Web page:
The Policy Consortium on… Ofsted, accountability and FE improvement

The Policy Consortium on… Ofsted, accountability and FE improvement

Since mid-2013, Policy Consortium members Mike Cooper, Colin Forrest and Carolyn Medlin have investigated patterns in data and processes related to inspections, analysing them and offering observations and comments.

One significant issue often hitting the headlines is accountability – most prominently through Ofsted inspection. Few occasions produce greater uncertainty and anxiety amongst staff and their leaders than inspections. And few things seem to generate such activity around beforehand and afterwards as inspections, not to mention the frequent controversies.

What follows are all of the Policy Consortium’s published articles on the topic to date, in sequence from earliest to most recent. Each separate piece is briefly contextualised and hot-linked.

Ofsted and improvement — living up to expectations? was published in the FE Week Ofsted supplement on 6 September 2013. It was prompted in part by an preceding article from the inspectorate’s then-Director of FE and Skills, Matthew Coffey (entitled ‘Living up to Ofsted’s expectations’). Our article posed questions about how the claim that inspection supports improvement in the sector actually works (and to what degree). It was largely based on an analysis of grades reported across FE inspections of all types throughout the academic year 2012–13.

One matter discussed in this piece was the strong suspicion that inspection-grades data is sometimes manipulated for maximum publicity, and perhaps even for political purposes as well. The Chief Inspector’s Annual Report 2012 on inspections during the preceding academic year had raised considerable hackles in and around the sector. So, in anticipation of the 2012–13 Annual Report publication at the end of 2013, the Policy Consortium team produced an update article — Setting the scene for the Ofsted Annual Report and FE improvement — for FE News on 11 December 2013This was based on further analysis of the impact of Ofsted’s work during that previous academic year, plus a consideration of what had emerged since September 2013.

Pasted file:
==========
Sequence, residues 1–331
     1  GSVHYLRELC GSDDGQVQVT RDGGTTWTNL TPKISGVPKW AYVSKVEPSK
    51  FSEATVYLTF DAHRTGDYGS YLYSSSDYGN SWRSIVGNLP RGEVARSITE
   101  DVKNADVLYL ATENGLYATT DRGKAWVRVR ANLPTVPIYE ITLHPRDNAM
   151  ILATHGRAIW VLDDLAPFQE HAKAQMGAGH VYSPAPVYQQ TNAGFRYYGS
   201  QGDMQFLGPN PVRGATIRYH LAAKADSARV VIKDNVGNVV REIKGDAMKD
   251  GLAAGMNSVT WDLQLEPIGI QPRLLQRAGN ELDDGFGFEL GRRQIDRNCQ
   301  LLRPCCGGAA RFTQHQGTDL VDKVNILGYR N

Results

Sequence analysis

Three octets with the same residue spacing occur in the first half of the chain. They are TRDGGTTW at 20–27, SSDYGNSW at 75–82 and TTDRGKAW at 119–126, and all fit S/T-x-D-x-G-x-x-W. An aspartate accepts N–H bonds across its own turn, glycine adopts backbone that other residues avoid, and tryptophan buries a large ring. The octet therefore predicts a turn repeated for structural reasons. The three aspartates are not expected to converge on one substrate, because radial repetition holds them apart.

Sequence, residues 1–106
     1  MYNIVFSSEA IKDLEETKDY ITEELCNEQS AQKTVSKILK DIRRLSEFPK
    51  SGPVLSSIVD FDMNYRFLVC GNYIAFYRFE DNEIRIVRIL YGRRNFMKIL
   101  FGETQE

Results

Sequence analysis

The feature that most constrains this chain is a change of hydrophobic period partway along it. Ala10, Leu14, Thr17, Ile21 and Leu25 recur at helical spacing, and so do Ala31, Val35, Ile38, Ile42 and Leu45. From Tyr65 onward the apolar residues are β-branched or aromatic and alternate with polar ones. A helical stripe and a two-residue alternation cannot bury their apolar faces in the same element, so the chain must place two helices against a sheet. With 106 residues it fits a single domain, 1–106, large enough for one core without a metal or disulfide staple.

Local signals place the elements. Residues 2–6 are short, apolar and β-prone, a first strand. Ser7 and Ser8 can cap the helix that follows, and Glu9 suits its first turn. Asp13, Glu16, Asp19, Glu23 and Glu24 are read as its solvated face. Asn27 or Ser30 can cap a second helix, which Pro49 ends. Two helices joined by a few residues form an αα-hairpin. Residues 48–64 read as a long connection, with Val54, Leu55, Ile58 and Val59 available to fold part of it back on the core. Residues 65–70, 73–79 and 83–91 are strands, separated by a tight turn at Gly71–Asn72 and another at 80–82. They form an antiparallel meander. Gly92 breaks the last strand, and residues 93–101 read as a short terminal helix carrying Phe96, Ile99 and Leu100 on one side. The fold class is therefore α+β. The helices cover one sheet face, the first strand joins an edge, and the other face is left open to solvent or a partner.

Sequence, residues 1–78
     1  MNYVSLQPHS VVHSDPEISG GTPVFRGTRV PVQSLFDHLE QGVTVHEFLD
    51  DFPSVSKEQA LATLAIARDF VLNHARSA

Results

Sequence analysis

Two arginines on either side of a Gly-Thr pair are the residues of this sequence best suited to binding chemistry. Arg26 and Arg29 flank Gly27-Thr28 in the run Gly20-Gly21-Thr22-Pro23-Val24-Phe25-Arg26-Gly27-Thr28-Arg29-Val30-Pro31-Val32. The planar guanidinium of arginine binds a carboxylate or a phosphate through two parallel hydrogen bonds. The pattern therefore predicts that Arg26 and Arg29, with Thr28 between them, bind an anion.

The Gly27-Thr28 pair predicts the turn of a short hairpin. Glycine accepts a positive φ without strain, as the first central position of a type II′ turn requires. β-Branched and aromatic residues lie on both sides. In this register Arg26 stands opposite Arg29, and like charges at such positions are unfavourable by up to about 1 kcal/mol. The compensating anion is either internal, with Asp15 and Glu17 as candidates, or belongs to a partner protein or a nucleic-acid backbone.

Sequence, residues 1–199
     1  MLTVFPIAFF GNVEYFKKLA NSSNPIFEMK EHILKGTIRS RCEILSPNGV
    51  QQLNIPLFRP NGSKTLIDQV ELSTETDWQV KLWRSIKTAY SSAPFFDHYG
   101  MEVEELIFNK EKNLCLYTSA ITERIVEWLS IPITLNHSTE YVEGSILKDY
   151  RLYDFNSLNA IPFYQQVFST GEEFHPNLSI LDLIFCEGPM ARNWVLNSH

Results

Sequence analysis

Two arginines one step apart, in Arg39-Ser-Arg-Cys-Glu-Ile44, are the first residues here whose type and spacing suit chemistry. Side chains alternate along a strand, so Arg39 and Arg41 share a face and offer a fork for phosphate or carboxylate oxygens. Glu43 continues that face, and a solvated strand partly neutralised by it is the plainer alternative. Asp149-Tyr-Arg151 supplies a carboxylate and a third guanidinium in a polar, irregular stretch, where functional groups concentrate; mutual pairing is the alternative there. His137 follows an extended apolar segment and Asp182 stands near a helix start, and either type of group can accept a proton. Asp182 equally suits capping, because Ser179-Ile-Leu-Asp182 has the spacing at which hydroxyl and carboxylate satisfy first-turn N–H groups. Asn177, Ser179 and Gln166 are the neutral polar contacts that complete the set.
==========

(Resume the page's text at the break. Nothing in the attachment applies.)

This second article was then revised to encompass points from the new Annual Report, and subsequently published as a fuller piece, Ofsted still found to be much in need of improvement, in Edition 185 of Education Journal, on 17 December 2013.

Next, an FE Week interview with the former Chief Executive of Newcastle College Group, Dame Jackie Fisher, reported her experience of inspection in summer 2012 (especially the complaint and appeals processes). The article also revealed the results of a Freedom of Information request about the volume, nature and outcomes of appeals and complaints to Ofsted. All of this prompted a further Policy Consortium article – Appeals and complaints to Ofsted: consultancy for free? — originally published in FE Week on 25 January 2014.

Then, in December 2014, and once again around the publication of the Chief Inspector’s Annual Report on FE and Skills for the preceding academic year, we published Will it turn out to be ‘Better Inspection for All’, in the end? . This initially arose in response to the Ofsted consultation ‘Better Inspection for All’ in Autumn 2014, which reported its outcomes and the next steps in early February 2015. The Consortium article, by Mike Cooper and Colin Forrest, looked at three main issues around inspection and their potential impact on improving provision in FE and Skills sector providers.

All these pieces raise key issues for the inspectorate, and beyond.

Just what is the role of inspection, as an accountability tool, in raising standards across all post-16 learning and skills provision? What effects does it actually have – intended, claimed, unintended or unacknowledged? How might it be improved to benefit all of FE’s stakeholders – individual learners, providers, government and its departments, and even up to the level of wider society and ‘UK plc’? What now are the implications for ‘co-ownership of improvement’ for providers, their staff, and indeed inspectors emerging from the return of Ofsted to a limited role in that important field?

Further articles resulting from new work by the Policy Consortium team on this subject will be added to this compendium piece as they emerge; these additions will be notified through our website.